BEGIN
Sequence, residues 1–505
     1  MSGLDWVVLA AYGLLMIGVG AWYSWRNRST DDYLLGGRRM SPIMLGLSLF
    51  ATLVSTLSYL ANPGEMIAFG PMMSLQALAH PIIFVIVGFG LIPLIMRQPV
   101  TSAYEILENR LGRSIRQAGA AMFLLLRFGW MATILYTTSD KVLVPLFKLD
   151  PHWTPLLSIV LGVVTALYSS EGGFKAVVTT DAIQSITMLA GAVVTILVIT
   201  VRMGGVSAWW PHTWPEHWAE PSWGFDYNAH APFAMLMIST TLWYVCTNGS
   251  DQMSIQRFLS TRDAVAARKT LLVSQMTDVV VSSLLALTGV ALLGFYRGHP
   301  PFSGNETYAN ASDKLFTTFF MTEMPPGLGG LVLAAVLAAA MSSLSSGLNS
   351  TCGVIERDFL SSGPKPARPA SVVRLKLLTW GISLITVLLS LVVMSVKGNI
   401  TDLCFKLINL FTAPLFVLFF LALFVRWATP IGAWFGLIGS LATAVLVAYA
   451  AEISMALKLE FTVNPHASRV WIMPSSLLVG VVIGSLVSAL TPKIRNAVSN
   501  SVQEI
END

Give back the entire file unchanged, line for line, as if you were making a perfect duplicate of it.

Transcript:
Sequence, residues 1–505
     1  MSGLDWVVLA AYGLLMIGVG AWYSWRNRST DDYLLGGRRM SPIMLGLSLF
    51  ATLVSTLSYL ANPGEMIAFG PMMSLQALAH PIIFVIVGFG LIPLIMRQPV
   101  TSAYEILENR LGRSIRQAGA AMFLLLRFGW MATILYTTSD KVLVPLFKLD
   151  PHWTPLLSIV LGVVTALYSS EGGFKAVVTT DAIQSITMLA GAVVTILVIT
   201  VRMGGVSAWW PHTWPEHWAE PSWGFDYNAH APFAMLMIST TLWYVCTNGS
   251  DQMSIQRFLS TRDAVAARKT LLVSQMTDVV VSSLLALTGV ALLGFYRGHP
   301  PFSGNETYAN ASDKLFTTFF MTEMPPGLGG LVLAAVLAAA MSSLSSGLNS
   351  TCGVIERDFL SSGPKPARPA SVVRLKLLTW GISLITVLLS LVVMSVKGNI
   401  TDLCFKLINL FTAPLFVLFF LALFVRWATP IGAWFGLIGS LATAVLVAYA
   451  AEISMALKLE FTVNPHASRV WIMPSSLLVG VVIGSLVSAL TPKIRNAVSN
   501  SVQEI